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Data Computing: An Introduction to Wrangling and Visualization With R

Daniel Kaplan
Publisher: 
Project Mosaic
Publication Date: 
2016
Number of Pages: 
222
Format: 
Paperback
Price: 
23.13
ISBN: 
9780983965848
Category: 
Textbook
[Reviewed by
Robert W. Hayden
, on
12/13/2016
]

The title of this book may not convey much to mathematicians. We can locate its general neighborhood with buzz words and phrases such as “Big Data,” “Data Mining,” “Data Science,” or “Analytics,” though all of those may be a bit vague. Such topics are likely to be taught in a Computer Science or Business Department, though mathematicians may become involved if they already provide a service introductory statistics course to such departments.

It may be helpful to contrast the content of this book with what we cover in such an introductory statistics course. There we learn about carefully designed surveys and experiments that employ random sampling or assignment. Careful design and implementation is often costly, so we end up with relatively small batches of numbers. This increases the possibility that what we see could just be a fluke of this small set of observations. So we use probability models for random sampling or assignment to predict how large an effect those processes might have had. Effects larger than that are attributed to something else, such as the population or the effect of a treatment.

In contrast, this book is more concerned with the analysis of large quantities of data, typically collected for some other purpose. For example, a company may decide to see if the customer records they have kept for the purpose of filling orders can be used to guide future advertising campaigns. There is no random assignment or sampling, and no care was taken to collect the data most useful to improving advertising. Nor is the data likely to be in a form that can be used for that purpose. Our book looks at issues like reformatting the data to answer the question at hand, cleaning the data to remove errors and inconsistencies, and connecting the data to other data sources. For example, we may have no data on the income of our customers, but the ZIP code in their address might serve as a link to a database that provides income statistics for the general area, if not individual customers. Usually we are not seeking to estimate a parameter or test a prior hypothesis but rather looking for patterns. We might place our ads in different media depending on whether our customers seem to be seniors or yuppies.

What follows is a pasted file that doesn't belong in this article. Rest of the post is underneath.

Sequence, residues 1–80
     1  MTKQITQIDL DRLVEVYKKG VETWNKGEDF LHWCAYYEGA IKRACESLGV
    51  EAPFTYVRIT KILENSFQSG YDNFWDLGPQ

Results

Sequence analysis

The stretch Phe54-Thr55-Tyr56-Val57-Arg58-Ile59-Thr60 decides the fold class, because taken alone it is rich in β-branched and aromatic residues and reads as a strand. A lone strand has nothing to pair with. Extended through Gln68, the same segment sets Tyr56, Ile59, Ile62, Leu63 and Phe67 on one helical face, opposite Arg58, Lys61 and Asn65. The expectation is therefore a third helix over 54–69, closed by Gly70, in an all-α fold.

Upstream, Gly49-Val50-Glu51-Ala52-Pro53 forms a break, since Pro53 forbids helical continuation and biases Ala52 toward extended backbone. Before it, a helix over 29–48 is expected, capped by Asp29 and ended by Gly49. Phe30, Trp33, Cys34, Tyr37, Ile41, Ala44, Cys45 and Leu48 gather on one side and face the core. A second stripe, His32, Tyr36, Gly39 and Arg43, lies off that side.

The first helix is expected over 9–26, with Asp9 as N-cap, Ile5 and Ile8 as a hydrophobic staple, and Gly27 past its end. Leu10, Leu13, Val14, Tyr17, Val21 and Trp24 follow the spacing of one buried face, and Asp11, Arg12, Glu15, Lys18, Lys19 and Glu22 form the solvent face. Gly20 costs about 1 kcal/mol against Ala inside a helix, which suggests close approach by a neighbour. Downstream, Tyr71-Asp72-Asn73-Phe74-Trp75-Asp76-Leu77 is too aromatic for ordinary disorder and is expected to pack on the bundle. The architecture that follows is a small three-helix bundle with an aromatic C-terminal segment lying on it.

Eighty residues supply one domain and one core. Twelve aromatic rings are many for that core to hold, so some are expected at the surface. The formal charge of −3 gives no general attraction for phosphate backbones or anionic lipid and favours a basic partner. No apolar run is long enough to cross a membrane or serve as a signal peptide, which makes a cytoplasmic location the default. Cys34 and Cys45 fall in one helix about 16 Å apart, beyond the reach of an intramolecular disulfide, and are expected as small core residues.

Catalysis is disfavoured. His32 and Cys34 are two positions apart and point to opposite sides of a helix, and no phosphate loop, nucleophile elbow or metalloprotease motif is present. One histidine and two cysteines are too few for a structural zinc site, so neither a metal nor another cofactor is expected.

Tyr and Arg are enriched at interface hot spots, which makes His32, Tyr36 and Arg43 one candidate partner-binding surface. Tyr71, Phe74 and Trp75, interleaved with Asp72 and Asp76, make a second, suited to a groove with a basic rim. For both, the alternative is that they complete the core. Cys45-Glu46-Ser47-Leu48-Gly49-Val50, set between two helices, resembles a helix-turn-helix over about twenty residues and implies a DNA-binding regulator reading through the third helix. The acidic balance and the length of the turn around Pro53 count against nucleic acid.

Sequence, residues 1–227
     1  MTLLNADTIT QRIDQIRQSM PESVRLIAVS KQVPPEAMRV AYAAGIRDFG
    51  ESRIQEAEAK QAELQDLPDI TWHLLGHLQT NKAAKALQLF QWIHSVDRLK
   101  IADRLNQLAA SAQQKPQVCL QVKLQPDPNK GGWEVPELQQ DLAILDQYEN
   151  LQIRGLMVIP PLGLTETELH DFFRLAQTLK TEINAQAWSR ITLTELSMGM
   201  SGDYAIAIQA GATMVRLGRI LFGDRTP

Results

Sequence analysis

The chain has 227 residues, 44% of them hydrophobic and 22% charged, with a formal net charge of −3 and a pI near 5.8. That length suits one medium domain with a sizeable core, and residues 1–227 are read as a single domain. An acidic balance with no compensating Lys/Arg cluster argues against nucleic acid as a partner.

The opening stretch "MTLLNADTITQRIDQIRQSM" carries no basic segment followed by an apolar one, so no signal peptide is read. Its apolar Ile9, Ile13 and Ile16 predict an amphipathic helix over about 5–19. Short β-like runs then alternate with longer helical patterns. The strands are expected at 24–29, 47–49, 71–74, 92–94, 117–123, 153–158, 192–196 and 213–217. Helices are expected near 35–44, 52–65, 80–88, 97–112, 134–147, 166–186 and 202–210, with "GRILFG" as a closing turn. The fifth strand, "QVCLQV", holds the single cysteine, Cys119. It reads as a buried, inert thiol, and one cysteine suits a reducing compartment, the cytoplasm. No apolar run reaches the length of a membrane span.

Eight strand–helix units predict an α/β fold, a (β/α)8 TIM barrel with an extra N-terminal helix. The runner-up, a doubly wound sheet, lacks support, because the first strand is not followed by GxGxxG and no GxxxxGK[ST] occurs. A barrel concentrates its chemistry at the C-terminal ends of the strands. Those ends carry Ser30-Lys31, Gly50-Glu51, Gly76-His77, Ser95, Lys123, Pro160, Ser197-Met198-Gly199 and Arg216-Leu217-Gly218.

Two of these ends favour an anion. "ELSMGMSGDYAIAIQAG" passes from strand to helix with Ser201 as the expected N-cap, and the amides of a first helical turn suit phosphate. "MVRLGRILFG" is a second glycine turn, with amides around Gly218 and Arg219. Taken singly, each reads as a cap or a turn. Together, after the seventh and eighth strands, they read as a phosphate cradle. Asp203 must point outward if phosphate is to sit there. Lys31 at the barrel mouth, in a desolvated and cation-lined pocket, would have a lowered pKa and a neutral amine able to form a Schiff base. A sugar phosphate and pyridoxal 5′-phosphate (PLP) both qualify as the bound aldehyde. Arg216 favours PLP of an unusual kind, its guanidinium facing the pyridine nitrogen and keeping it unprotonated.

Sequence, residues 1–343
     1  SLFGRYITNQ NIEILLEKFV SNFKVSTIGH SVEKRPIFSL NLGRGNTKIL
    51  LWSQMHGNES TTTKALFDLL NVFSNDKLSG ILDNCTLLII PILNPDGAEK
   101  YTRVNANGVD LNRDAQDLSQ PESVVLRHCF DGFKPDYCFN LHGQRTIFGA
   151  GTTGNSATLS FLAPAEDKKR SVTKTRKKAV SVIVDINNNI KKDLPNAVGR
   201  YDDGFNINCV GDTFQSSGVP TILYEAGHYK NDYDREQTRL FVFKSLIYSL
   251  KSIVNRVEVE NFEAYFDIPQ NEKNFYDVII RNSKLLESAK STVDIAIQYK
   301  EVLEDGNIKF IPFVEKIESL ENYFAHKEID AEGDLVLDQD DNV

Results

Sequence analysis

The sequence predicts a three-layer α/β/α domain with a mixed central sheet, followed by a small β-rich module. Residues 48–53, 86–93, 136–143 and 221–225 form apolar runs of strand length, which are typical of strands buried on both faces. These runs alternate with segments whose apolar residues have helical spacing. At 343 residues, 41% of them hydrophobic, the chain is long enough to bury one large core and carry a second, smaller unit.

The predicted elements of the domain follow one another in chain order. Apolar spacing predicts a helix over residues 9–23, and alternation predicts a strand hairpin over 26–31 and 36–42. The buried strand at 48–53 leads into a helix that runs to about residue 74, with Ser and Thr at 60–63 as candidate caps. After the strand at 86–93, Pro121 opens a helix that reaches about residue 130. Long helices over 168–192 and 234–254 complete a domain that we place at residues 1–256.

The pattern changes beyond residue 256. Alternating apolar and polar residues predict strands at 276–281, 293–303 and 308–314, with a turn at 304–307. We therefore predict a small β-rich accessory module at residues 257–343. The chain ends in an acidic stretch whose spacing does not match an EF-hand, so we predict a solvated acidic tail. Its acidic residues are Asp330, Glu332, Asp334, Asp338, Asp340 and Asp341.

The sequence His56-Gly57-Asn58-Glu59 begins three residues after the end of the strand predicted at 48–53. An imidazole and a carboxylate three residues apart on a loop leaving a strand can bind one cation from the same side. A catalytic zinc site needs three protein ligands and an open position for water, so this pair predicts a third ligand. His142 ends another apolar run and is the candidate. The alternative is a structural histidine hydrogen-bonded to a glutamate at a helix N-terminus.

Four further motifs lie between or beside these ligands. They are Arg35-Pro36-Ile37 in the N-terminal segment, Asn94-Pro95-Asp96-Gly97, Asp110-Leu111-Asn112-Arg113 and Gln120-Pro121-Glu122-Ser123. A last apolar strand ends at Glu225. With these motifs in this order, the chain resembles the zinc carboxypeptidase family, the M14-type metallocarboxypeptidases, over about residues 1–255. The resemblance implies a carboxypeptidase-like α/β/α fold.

Tools for finding patterns are generally graphical rather than computational. Having found patterns, we may then hone our graphics to best display them. And that may be the end of the story. Formal inference usually plays a minor role, as we are not trying to make inferences about a larger population nor to determine causality. Instead, we may just want to make predictions about the future, based on the optimistic assumption that that future will be like the past.

The process described involves lots of processing of lots of data, and so we will want to use a computer. The “with R” phrase in the subtitle means that this book uses the statistical programing language R. That is a reasonable choice though some will prefer Python. Both are free, so software costs should not be an issue. Instruction in R here is a bit sketchy, often limited to numerous examples. The emphasis is usually on the task at hand, and R add-ons geared to such tasks are often used. This is a reasonable choice, but a reader should not expect to become proficient with the core features of unadorned R here.